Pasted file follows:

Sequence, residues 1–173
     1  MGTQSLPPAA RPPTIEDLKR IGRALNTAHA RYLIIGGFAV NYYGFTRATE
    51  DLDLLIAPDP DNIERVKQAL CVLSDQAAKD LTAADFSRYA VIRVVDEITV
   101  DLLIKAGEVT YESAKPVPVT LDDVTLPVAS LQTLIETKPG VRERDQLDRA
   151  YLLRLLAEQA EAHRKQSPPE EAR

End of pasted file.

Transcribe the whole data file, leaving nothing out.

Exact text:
Sequence, residues 1–173
     1  MGTQSLPPAA RPPTIEDLKR IGRALNTAHA RYLIIGGFAV NYYGFTRATE
    51  DLDLLIAPDP DNIERVKQAL CVLSDQAAKD LTAADFSRYA VIRVVDEITV
   101  DLLIKAGEVT YESAKPVPVT LDDVTLPVAS LQTLIETKPG VRERDQLDRA
   151  YLLRLLAEQA EAHRKQSPPE EAR